Trusttum’s squashing technique is often so natural-seeming that it becomes invisible. After all, we are accustomed, as a result of the innovations of the early modernists and their successors, to seeing recognisable objects reduced to simple shapes. At times, though, Trusttum makes us more aware of his exertions, as in those works that have a top-down viewpoint. The crazed expression of the urinating figure in Peeing (1988–2001) merely exacerbates the unsettling effect of the splayed body and unreadable space—a space not aligned with our own upright orientation to the painting when hung on the wall. Text is a prominent feature of some Trusttum paintings, with the artist’s name and the date of the painting circling around the perimeter of the surface rather than confined to just the lower edge, again suggesting a view from above and around the surface. In the late nineteenth century, the aerial viewpoint was so unfamiliar that the French Impressionist Gustave Caillebotte’s Boulevard Seen from Above (1880) prompted one critic to describe it as “meaningless” unless the painting was shown on the floor.4 Trusttum’s pictures-without-horizons invoke the strange sensation of the artist standing over his subjects, stamping them down like someone trying to close an overstuffed suitcase.
In contrast to Kandinsky’s squashed/raised brushstroke, Trusttum’s method typically involves pressing the paint with newspaper to produce a blotchy, disembodied kind of surface. Moreover, his canvases tend to remain unstretched, more like textiles or mats, lightly crumpled, imprinted with paint. In an exceptional case, Martin’s Sewing Kit (1983), fabrics are both subject and material, the work taking the form of a kind of portfolio of canvases, which can be opened out or closed up, each canvas imitating samples or patterns from Trusttum’s son’s collection of sewing examples.
Earlier in his career, in paintings such as Red Berries and Still Life Garden (both 1973), Trusttum painted in oils on board, in what might be called an expressionist manner (closer in some respects to Kandinsky, but closer still to Vincent van Gogh). He had studied under the larger-than-life Rudolf Gopas, who seemed to encourage him to, effectively, go nuts; to lay it all bare. Expressionism in this sense has a rawness about it, as if whatever is inside you, or whatever you feel deeply about, has to be extracted and represented in such a way that it leaps off the surface, jumps out at the viewer and makes them feel something similar. Trusttum’s personality, though less erratic than Gopas’s, is effervescent—restless and voluble. But increasingly, from the late 1970s as he moved closer to his current styles and methods, rather than splashing and squirting, he started not to repress, but to compress— so the paintings are, on the surface, more placid but also denser, fuller and more concentrated.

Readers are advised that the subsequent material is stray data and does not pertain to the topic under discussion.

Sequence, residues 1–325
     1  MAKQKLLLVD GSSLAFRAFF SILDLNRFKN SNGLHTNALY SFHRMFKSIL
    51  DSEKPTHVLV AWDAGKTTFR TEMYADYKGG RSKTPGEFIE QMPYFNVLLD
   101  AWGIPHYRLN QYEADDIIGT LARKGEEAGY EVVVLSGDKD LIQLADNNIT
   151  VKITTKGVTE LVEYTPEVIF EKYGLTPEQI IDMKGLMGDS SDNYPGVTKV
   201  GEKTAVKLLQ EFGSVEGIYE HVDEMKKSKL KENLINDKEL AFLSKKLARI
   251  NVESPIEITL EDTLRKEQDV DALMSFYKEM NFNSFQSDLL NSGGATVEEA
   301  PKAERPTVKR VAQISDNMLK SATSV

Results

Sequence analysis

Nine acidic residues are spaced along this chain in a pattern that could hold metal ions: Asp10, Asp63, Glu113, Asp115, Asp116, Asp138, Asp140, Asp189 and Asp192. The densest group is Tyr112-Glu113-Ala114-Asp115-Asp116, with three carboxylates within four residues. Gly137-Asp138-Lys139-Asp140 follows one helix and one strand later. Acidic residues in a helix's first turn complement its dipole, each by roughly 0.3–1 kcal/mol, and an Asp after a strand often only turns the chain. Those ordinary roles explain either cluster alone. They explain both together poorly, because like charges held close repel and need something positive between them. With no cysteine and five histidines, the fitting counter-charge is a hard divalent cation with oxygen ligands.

Some of the largest of Trusttum’s paintings seem particularly crammed with action. Amer (2006) is one of a series of works based on the toy trucks of a grandchild, the vehicles flattened, fragmented and inflated so that small details fill vast swathes of canvas joined together to occupy, in the case of Amer, an area two-and-a-half metres high by almost five metres long (others in the series are even larger, such as the sixteen-and-a-half metre long 2007 painting Depot). Not only do we see the various surfaces and components of the truck, but scattered around, like debris from the artist’s act of flattening the truck, are the specific dates on which Trusttum worked on the painting. A long period of time is compressed into the conjoined surfaces.
To squash something need not be to ruin or kill it. Squeezing a piece of fruit, such as an orange or lemon, is the best way to get the juice out of it. With Trusttum, painting is a forceful but fruitful and life-affirming act.
Trusttum: Just a Glimpse
Exuberant and boisterous, these large paintings by Philip Trusttum will lift the spirits